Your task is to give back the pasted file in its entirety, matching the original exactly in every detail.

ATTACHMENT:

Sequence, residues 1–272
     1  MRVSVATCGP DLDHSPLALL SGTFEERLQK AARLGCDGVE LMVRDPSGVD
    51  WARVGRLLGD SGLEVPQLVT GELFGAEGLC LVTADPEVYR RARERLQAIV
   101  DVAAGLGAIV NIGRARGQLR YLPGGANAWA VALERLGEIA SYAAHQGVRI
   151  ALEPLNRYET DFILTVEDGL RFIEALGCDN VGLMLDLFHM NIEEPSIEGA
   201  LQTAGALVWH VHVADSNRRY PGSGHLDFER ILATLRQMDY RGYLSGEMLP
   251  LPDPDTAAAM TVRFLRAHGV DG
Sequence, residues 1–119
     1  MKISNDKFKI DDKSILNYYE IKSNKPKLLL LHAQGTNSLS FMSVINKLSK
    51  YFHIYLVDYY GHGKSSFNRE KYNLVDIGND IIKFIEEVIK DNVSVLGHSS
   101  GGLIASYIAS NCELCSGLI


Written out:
Sequence, residues 1–272
     1  MRVSVATCGP DLDHSPLALL SGTFEERLQK AARLGCDGVE LMVRDPSGVD
    51  WARVGRLLGD SGLEVPQLVT GELFGAEGLC LVTADPEVYR RARERLQAIV
   101  DVAAGLGAIV NIGRARGQLR YLPGGANAWA VALERLGEIA SYAAHQGVRI
   151  ALEPLNRYET DFILTVEDGL RFIEALGCDN VGLMLDLFHM NIEEPSIEGA
   201  LQTAGALVWH VHVADSNRRY PGSGHLDFER ILATLRQMDY RGYLSGEMLP
   251  LPDPDTAAAM TVRFLRAHGV DG
Sequence, residues 1–119
     1  MKISNDKFKI DDKSILNYYE IKSNKPKLLL LHAQGTNSLS FMSVINKLSK
    51  YFHIYLVDYY GHGKSSFNRE KYNLVDIGND IIKFIEEVIK DNVSVLGHSS
   101  GGLIASYIAS NCELCSGLI